Gender dynamics in the largest refugee settlement in the world
“You have come to this country as a guest,” Shompa, 60 years old, says to me as I sit in her shelter in Camp 22 in the Unchiprang camp in the Cox’s Bazar district of Bangladesh. “Well, so have I. And, just like you, I want to return home.”
It’s been two years since over 700,000 Rohingya, a stateless Muslim minority in Myanmar, fled their home to Bangladesh. Their exodus to seek safety began on August 25, 2017 after violence broke out in Myanmar’s Rakhine State.
Bangladesh is now the host of the largest refugee settlement in the world. More than half the Rohingya refugees are women, and 60 per cent of the female population are under 18 years of age.
Although Shompa is safe from the violence she was subjected to in Myanmar, she and thousands of Rohingya women still continue to face huge challenges in the refugee settlements. Gender dynamics, trauma endured in Myanmar and pre-existing cultural and social norms are proving to be major factors for women to overcome.
“When fleeing our home, it was too dangerous to grab any belongings. We had no choice but to escape to Bangladesh with only the clothes on our back,” Shompa said.
This is particularly problematic for Rohingya women in the camp as the community’s traditional practice of purdah, which is the screening of women from men or strangers, is still observed. The lack of proper clothing has greatly affected the ability of Rohingya refugee women to move freely around the camps.
Back in Rakhine, women did not need a burqa to access latrines and water points, as these were close to their homes and they lived with their relatives. But the reality in Camp 22 is different.
“When I needed to go outdoors, I had to see if there were any men around,” Shompa said. “Because of this [lack of proper clothing], I often couldn’t go outside.”
Working directly with Rohingya women and members of the host community in the district of Cox’s Bazar, Oxfam decided to help address this challenge. Through Oxfam’s protection and sustainable livelihoods program, a project was designed which involves the distribution of nine different fabrics along with tailoring vouchers. These vouchers can be used at local shops in the host community, and mean that Rohingya women are able to have garments that are culturally appropriate.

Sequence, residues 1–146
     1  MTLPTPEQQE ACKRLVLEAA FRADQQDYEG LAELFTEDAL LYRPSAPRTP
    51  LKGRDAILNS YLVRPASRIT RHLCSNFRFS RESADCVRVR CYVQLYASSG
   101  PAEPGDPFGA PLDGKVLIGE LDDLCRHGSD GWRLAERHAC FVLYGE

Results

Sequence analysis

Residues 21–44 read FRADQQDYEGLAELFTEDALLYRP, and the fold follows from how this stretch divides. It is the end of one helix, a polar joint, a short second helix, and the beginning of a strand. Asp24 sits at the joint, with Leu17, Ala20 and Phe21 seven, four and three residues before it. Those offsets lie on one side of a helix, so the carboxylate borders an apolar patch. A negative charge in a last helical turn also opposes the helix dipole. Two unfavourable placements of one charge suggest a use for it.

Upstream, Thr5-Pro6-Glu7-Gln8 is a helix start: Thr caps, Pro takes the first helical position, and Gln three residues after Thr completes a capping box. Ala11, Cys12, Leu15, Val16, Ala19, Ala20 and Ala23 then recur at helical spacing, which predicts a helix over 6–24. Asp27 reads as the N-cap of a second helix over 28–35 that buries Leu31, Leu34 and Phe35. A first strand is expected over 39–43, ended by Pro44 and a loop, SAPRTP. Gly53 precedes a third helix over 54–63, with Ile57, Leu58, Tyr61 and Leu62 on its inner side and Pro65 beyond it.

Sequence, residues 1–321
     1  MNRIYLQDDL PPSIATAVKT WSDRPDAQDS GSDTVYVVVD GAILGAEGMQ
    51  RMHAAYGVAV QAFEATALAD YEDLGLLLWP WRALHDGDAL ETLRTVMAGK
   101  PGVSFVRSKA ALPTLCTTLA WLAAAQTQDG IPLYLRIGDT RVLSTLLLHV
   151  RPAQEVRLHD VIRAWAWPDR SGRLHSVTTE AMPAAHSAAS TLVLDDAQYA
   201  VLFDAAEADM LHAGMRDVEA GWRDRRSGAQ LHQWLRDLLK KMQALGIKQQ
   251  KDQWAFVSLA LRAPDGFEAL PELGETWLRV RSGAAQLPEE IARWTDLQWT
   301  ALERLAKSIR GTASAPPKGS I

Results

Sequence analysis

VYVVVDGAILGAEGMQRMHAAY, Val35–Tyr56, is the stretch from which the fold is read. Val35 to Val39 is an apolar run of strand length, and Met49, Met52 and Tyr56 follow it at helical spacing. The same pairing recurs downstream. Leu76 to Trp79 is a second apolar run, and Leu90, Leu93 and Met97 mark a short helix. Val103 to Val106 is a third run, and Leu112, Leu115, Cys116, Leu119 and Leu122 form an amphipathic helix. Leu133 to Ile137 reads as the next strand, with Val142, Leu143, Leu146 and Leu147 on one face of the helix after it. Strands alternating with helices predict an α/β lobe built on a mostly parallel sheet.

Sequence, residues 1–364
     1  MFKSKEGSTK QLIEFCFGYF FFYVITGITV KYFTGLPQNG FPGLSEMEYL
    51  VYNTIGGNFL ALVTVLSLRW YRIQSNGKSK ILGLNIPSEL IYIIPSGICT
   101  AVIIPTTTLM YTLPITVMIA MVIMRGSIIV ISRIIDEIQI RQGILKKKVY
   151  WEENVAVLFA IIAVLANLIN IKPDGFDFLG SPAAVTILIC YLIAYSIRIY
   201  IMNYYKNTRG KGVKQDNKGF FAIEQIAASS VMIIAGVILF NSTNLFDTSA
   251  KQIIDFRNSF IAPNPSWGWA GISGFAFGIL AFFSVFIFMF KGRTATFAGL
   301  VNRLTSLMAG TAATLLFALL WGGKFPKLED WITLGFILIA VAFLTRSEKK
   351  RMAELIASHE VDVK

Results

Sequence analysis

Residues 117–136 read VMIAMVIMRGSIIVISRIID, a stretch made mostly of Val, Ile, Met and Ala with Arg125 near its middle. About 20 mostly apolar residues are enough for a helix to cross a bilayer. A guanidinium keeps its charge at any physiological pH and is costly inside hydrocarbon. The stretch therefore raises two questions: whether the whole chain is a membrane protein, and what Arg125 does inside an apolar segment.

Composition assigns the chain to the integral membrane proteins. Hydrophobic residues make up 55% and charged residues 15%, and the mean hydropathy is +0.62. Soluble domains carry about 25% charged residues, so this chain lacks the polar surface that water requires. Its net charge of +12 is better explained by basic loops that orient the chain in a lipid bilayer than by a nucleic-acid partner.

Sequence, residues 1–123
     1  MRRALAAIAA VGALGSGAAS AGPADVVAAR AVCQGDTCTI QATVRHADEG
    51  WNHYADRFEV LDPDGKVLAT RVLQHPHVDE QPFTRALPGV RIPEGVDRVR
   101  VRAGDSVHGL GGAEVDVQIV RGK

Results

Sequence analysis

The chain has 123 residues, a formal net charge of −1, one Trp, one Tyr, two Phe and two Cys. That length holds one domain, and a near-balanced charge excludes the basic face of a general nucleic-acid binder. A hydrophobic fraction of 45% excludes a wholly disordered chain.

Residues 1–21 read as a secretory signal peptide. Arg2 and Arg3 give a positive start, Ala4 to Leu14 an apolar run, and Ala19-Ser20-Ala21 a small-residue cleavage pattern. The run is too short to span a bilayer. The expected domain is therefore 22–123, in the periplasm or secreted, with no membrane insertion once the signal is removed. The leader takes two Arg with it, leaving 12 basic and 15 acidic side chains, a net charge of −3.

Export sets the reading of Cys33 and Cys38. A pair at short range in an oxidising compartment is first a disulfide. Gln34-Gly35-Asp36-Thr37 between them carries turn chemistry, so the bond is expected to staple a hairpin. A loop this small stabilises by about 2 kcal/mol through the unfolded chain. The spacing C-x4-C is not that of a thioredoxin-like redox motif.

A common thread
A short drive away from Camp 22, I stopped in the small town of Chakmaara. The area is filled with shops and tuk-tuks. On the second floor of the plaza I meet Noor Mohammed, a local tailor, who is filling out orders inside his brightly painted shop. Fabric, buttons and thread fill every corner.
“On my own, I couldn’t complete all of the orders! I had six tailors working but had to hire five more,” Mohammed said.
Mohammed is one of the local vendors participating in Oxfam’s tailoring voucher program.
The impact of the Rohingya refugee camps on a host community that is already one of the poorest in Bangladesh is undeniable.
“Since the construction of the camps, the cost of daily life and goods has risen significantly,” says Mohammed. “One kilogram of potatoes usually cost six Taka (approximately $0.10 CAD). Today, it’s around 22 Taka.”
Cost increases are also affecting businesses. Before the influx, business owners like Mohammed averaged a monthly profit of 5000 Taka (approximately $77 CAD). That average has been cut by more than half, hovering around 2000 Taka.
Since the launch of the tailoring voucher program, Mohammed’s business has prospered. In the past three months alone, he and his team have made 1,400 garments.
“Thanks to this program, my business has greatly flourished,” he says.
A humanitarian response working for women
A couple of shelters down from Shompa’s I meet Ayesha, who is 18 years of age. Ayesha fled the violence of Myanmar with her husband, their young son and her parents. Her husband lives 50 kilometres away in the Balukhali camp, working at the mosque.
Life is difficult for a single woman in the camp. Ayesha collects firewood and heavy buckets of water from a nearby water point twice daily. She has participated in Oxfam’s tailoring voucher program
“For me, it’s a matter of safety,” she says. “I feel heard.”
Ayesha isn’t alone in her sentiment. According to a recent survey done on the Rohingya response by Oxfam, 95 per cent of women feel safer and more comfortable going outside their home thanks to the tailoring voucher program.
Designing programs for women, with women, is putting power back in their hands in times of crisis. Listening to what Shompa and Ayesha want is the way to ensure humanitarian responses work for women.
Ring the alarm
Oxfam’s tailoring program is helping women like Shompa and Ayesha, but it won’t fix the problems that forced them to flee to Bangladesh in the first place. The ongoing violence and persecution against Rohingya people in their home country, Myanmar, must be stopped. Two years after the crisis made international headlines, Rohingya people in Myanmar still don’t have basic rights - including freedom of movement, access to citizenship, healthcare and education. Ultimately the Rohingya people need an end to their persecution. They need durable solutions. They need a future, now.
This is why, alongside the humanitarian assistance Oxfam is providing on the ground, Oxfam is calling on Myanmar authorities to end the violence and ensure that Rohingya people in Myanmar can enjoy their rights.
Because, ultimately, what is it that Shompa wants?
“Justice,” she declares. “All I want is to go back home with recognition and justice.”